Mother And Son's Joint Future In U.S. Uncertain Amid DACA Challenges
DACA could soon die in court after a federal judge ruled in favor of Republican-led states who say the program is illegal.
When single mom, Marlen Ortiz, is not working her two jobs, she gives her 11-year-old son her undivided attention.
The former F.C. Indiana soccer player will do anything to make sure her son achieves his dreams, but they could soon be forced to live in different countries.
Ortiz’s son was born in Indiana and is an American citizen, but she isn’t.
"My mom is the best mother I know," her son, Nilson Garcia, said. "She is the most beautiful mom I ever met. She's the loveliest mom, and I love her. I love her so much."
When Ortiz was only 13, she traveled from Mexico to the U.S. alone to flee poverty and gang violence — and to reunite with her step-siblings in Indiana. Smugglers helped her cross the border illegally.
"We walked the desert for a lot of days," Ortiz said. "I think it was probably one week or two."
Now at age 29, she's been shielded from deportation and allowed to work in the U.S. for nearly 10 years as a recipient of the Deferred Action Childhood Arrivals Program, or DACA. But the Obama-era policy could soon die in court after a federal judge ruled in favor of nine Republican-led states who said the program was illegal.
NEWSY'S BEN SCHAMISSO: "What would happen to you and your son if you got deported?"
MARLEN ORTIZ: "I will sacrifice seeing him growing up for his security, for his well being. I will never take him back with me. That's a no."
SCHAMISSO: "How much do you understand about what is DACA?”
GARCIA: "It's a paper that saves my mom. I’m going to be sad if they take her away.”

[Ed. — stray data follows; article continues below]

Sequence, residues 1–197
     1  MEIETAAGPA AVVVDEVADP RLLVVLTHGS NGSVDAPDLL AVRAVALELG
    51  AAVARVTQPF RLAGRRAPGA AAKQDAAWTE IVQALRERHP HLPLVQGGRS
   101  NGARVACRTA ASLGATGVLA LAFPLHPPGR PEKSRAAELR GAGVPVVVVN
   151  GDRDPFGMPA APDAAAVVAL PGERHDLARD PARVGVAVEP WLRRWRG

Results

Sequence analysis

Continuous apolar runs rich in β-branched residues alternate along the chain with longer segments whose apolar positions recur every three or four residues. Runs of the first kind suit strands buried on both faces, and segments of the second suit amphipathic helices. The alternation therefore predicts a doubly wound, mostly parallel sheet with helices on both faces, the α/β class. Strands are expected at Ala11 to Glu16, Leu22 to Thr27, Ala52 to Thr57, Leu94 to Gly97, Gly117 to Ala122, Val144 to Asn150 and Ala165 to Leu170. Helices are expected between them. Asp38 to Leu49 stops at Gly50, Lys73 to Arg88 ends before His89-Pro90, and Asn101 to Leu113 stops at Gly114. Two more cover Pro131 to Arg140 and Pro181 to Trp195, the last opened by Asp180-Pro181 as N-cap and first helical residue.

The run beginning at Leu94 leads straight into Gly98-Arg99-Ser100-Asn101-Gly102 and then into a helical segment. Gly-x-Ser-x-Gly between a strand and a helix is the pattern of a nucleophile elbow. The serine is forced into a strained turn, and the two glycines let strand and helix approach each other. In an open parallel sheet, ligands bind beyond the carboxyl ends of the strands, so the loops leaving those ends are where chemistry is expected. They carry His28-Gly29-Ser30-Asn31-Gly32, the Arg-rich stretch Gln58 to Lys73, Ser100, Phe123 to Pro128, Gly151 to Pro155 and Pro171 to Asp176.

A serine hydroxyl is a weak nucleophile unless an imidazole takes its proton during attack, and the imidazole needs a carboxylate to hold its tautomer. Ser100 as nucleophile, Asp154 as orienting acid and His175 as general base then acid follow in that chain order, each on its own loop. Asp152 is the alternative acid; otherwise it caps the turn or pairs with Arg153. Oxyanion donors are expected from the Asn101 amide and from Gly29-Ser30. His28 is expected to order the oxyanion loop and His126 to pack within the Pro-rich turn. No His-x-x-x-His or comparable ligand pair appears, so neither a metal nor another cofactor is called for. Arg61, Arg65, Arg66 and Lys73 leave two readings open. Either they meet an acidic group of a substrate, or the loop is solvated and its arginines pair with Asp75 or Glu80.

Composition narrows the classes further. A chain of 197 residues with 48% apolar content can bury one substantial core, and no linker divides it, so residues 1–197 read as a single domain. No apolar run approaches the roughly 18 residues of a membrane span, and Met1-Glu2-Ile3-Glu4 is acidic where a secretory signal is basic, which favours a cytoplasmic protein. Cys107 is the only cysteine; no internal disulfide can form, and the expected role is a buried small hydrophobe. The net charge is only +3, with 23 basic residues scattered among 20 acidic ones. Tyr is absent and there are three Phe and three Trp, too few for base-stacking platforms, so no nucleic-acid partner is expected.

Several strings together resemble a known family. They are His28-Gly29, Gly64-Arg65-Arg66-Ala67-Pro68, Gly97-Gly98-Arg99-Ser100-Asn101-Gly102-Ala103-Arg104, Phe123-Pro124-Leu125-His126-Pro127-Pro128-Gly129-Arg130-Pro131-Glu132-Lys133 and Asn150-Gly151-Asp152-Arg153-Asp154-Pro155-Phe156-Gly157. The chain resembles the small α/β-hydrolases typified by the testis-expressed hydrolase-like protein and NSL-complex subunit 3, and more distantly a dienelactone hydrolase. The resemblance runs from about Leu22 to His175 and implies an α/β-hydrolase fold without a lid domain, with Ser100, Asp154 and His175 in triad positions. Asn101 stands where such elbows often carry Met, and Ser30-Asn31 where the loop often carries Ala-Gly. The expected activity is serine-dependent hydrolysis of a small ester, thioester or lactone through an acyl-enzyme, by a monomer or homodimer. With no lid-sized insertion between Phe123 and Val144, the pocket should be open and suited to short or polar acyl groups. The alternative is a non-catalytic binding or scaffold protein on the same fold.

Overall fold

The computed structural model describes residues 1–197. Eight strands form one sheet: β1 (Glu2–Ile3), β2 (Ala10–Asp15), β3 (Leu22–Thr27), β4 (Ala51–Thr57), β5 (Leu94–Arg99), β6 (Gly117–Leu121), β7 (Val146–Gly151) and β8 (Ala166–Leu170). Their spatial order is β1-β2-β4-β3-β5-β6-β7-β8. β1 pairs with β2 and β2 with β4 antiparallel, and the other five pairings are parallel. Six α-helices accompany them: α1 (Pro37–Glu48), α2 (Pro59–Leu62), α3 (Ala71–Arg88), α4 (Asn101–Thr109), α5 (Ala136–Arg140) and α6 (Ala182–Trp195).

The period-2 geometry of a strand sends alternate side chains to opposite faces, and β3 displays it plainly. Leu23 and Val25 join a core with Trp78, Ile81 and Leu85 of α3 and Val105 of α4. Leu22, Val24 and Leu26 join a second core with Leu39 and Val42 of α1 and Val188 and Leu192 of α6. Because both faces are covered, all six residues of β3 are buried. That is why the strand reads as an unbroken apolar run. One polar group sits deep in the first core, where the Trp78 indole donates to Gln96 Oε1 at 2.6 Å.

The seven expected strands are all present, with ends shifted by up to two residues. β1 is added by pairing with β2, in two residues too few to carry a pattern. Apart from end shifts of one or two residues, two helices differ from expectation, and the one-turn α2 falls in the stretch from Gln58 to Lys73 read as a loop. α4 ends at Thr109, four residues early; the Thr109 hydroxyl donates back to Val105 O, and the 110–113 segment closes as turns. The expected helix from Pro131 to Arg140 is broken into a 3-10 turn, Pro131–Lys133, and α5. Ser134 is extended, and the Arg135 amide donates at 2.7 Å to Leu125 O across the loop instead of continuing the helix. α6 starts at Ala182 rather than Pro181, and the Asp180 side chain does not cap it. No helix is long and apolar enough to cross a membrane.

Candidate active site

Ortiz has been living in this neighborhood in and around South Bend, Indiana for more than 15 years. She calls the life she's built for herself there the "American Dream," not just for her, but also for her American child.
Now their future hangs in the balance as Congress struggles to pass immigration reform.
As Democrats finalize their large social-spending bill, nearly 600,000 DACA recipients fear being left behind.
Democrats want to pass the bill with a simple majority in the Senate through a process known as budget reconciliation, but rules limit what can be added.
Two attempts to include protections for millions of undocumented immigrants have already been rejected by the Senate's rules referee, and now Democrats are pushing for a third proposal.
Republicans argue it will encourage more people to immigrate illegally, but Ortiz says she's seen this movie before.
"In 2010 when I was delivering my son in the hospital, the entire House of Representatives and the entire Senate, including the president, were from the Democrat party," Ortiz said. "They did not pass the Dream Act at that time."
Ortiz says it's not only the fate of DACA recipients that's at stake. Over 250,000 U.S. citizen children have a DACA parent, according to the Center for American Progress.
"We are the mothers of U.S. citizens," Ortiz said. "We're friends of U.S. Citizens. We're sisters of U.S. Citizens."
After all these years in limbo, Ortiz says she has learned to live with the uncertainty. She tries not to obsess over her temporary status, calling it "just a piece of paper" that has kept her for nearly a decade, but perhaps for not much longer.
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